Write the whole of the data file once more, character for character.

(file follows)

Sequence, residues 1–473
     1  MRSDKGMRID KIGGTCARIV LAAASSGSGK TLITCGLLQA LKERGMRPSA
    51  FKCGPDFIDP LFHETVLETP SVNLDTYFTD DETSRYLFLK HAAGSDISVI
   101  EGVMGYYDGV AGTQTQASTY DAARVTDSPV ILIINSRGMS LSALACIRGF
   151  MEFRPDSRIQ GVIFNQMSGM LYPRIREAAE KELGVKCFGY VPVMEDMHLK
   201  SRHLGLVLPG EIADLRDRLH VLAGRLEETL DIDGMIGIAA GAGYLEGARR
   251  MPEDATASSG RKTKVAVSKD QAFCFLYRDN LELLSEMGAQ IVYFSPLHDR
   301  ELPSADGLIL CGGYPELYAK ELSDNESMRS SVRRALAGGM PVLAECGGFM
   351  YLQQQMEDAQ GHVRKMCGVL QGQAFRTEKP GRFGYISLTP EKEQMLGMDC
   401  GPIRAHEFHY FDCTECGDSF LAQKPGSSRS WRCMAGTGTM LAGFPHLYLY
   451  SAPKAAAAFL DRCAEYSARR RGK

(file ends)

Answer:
Sequence, residues 1–473
     1  MRSDKGMRID KIGGTCARIV LAAASSGSGK TLITCGLLQA LKERGMRPSA
    51  FKCGPDFIDP LFHETVLETP SVNLDTYFTD DETSRYLFLK HAAGSDISVI
   101  EGVMGYYDGV AGTQTQASTY DAARVTDSPV ILIINSRGMS LSALACIRGF
   151  MEFRPDSRIQ GVIFNQMSGM LYPRIREAAE KELGVKCFGY VPVMEDMHLK
   201  SRHLGLVLPG EIADLRDRLH VLAGRLEETL DIDGMIGIAA GAGYLEGARR
   251  MPEDATASSG RKTKVAVSKD QAFCFLYRDN LELLSEMGAQ IVYFSPLHDR
   301  ELPSADGLIL CGGYPELYAK ELSDNESMRS SVRRALAGGM PVLAECGGFM
   351  YLQQQMEDAQ GHVRKMCGVL QGQAFRTEKP GRFGYISLTP EKEQMLGMDC
   401  GPIRAHEFHY FDCTECGDSF LAQKPGSSRS WRCMAGTGTM LAGFPHLYLY
   451  SAPKAAAAFL DRCAEYSARR RGK